Britons who are aiming to set a new Atlantic rowing world record are
today battening down the hatches as they prepare to face a potential
cyclone after overcoming days of rough seas.
The crew of the
Pink Lady –
Mark Stubbs, 40, from Poole, Pete Bray, 48, from South Wales, Jonathan
Gornall, 48, from London, and John Wills, 33, from Surrey, hope
their epic row will raise £50,000 for the British Heart Foundation.
But the stormiest seas yet could be heading their way after a recent
weather forecast revealed cyclone “Alex” could catch up with the boat
Today, the crew’s weblog read: “The weather information causes concern
for the foreseeable future. The Atlantic is now turning momentary spite
into sheer vindictiveness.
“The forecast track of tropical cyclone Alex – currently a ‘minimal’
hurricane – seems to follow the plotted positions of our team, bothering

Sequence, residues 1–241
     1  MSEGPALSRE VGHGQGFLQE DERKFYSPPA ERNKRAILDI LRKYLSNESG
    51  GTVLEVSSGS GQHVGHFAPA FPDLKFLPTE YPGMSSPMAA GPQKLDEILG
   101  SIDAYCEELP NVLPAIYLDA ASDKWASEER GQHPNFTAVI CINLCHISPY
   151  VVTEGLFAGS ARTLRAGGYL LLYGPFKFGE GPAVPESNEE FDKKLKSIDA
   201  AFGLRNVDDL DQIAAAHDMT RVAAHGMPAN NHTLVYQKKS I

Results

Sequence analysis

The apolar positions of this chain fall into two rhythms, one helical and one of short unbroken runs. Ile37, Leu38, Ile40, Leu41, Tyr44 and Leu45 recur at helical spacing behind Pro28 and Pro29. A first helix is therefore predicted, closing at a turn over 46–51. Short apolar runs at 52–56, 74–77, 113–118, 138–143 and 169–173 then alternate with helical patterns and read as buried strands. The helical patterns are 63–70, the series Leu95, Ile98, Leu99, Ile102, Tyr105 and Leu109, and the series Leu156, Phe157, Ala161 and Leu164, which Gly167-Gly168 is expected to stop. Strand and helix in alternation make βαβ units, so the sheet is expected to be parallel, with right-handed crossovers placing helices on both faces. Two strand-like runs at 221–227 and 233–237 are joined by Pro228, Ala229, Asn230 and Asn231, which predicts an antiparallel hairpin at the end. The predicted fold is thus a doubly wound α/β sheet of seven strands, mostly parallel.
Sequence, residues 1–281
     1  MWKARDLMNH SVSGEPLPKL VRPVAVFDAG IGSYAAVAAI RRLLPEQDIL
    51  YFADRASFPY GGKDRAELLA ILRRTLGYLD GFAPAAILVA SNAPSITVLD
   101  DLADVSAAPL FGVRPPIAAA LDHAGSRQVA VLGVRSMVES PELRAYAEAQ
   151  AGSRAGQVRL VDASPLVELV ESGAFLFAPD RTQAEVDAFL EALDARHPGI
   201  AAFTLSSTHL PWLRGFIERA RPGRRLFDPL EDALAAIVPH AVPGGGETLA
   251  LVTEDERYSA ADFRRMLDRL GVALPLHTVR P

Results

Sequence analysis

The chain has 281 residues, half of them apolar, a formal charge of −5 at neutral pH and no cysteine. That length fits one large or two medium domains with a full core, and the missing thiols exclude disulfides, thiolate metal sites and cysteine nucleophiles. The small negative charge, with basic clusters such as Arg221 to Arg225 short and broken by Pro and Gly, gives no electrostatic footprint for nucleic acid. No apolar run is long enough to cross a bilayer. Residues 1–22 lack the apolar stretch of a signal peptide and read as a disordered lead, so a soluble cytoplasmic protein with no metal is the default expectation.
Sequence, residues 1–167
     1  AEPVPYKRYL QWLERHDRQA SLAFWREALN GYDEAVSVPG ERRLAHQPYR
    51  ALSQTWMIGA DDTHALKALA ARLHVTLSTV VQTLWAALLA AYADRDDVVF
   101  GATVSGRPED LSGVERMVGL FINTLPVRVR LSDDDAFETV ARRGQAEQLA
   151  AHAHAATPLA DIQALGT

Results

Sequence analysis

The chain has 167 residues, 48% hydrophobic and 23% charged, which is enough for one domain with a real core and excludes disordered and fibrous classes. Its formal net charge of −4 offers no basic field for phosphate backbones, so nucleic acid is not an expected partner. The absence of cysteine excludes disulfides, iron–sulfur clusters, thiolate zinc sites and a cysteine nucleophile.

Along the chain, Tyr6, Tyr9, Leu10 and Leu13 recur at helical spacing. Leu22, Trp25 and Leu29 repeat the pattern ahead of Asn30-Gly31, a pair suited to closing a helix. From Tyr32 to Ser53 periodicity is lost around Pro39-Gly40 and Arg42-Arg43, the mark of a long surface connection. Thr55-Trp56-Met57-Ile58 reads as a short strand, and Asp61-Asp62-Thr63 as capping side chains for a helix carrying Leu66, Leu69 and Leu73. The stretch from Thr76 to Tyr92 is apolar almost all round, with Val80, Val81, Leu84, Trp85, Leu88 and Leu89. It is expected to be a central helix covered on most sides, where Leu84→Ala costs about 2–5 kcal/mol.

them on Sunday.”
However, detailed meteorological reports suggest the cyclone may be in a
weakened state by the time it catches up with the crew.
“The Pink Lady crew have the advantage of being far enough east to
improve the odds that Alex may either miss them or may at least be in a
weakened state,” adds the log.
Since leaving Canada the crew have rowed more than 1,617 miles and now
have less than 500 to go before they reach the finishing line.
Earlier this week they were hit by a 45ft freak wave which triggered the
crew’s emergency beacon while the Pink Lady was on sea anchor.
Mr Bray, a former SAS diver, noticed that the emergency beacon was
flashing, and contacted Falmouth Coastguard to explain.
The emergency alarm on the Pink Lady is designed to go off manually or
when submerged at depth – but the ferocity of the breaking waves caused
the alarm to become wet and set off an alert.
The Pink Lady rowers are battling to cross the ‘Lizard meridian’ to
finish their voyage – a line from Lizard Point in Cornwall to the Ushant
lighthouse in Cape Finisterre, Brittany, the most westerly point of
They will then head up the Channel towards Falmouth for a landing at the
National Maritime Museum.
The crew trained together for two years for the voyage in the hi-tech
carbon fibre boat.
Mr Stubbs said before they left St Johns, Newfoundland, on June 30:
“This ocean row is the culmination of six years of boat development and